Technology and Innovation

Technology and Innovation is a featured research topic at Harvard Business School.

The early works of William Abernathy on roadblocks to innovation and Richard Rosenbloom on technology and information transfers in the 1960's and 1970's started the Technology Strategy field and helped pave the path for our research today, which focuses on value creation of platforms and two-sided markets; use of open architecture and leverage of its collective value; development and execution of innovation strategies; innovative attributes of executives and firms; development of new markets through the creation of disruptive innovations that displace earlier technologies; development of innovations in sectors; and the impact of innovation on economic growth.​ 

  1. Publicis Groupe 2016: Maurice and the Millennials

    Rosabeth Moss Kanter and Jonathan Cohen

    Having built Publicis Groupe through acquisitions maintained as separate brands, CEO Maurice Lévy wanted to transform the advertising and marketing firm to an integrated digitally-ready enterprise to address industry changes. In early 2016, following a reorganization, he faced questions of how to change the culture and use digital capabilities more effectively than competitors. Lévy turned to millennials within the Groupe and technology entrepreneurs outside the Groupe for innovations in order to create platforms for clients rather than simply react to existing social media platforms. As he increasingly focused on a new generation, questions remained about who would succeed this CEO of 31 years.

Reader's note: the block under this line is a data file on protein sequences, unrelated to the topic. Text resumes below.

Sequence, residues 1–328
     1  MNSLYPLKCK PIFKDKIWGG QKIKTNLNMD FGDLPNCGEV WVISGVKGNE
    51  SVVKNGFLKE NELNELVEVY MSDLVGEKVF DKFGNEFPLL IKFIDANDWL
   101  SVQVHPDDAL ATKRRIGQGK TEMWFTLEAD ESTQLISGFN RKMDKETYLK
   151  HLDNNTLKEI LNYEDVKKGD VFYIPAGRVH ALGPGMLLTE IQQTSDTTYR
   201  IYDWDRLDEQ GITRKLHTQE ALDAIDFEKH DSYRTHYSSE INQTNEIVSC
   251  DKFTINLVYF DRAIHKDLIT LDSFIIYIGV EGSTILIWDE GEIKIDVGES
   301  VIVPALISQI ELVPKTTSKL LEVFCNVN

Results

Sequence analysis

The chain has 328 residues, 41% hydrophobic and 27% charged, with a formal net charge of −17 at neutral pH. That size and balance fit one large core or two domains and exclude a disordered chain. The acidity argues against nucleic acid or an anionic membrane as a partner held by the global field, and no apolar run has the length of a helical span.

Keywords: managing change; Transformations; digital; millennials; Change; innovation; Acquisitions; Merger; culture; advertising agency; marketing; reorganization; Organizational Change and Adaptation; Technology; Change Management; Restructuring; Management Succession; Marketing; Mergers and Acquisitions; Transformation; Innovation and Invention; Advertising Industry;

    Citation:

    Kanter, Rosabeth Moss, and Jonathan Cohen. "Publicis Groupe 2016: Maurice and the Millennials." Harvard Business School Case 316-127, June 2016. View Details
  2. Building the Digital Manufacturing Enterprise of the Future at Siemens

    Willy Shih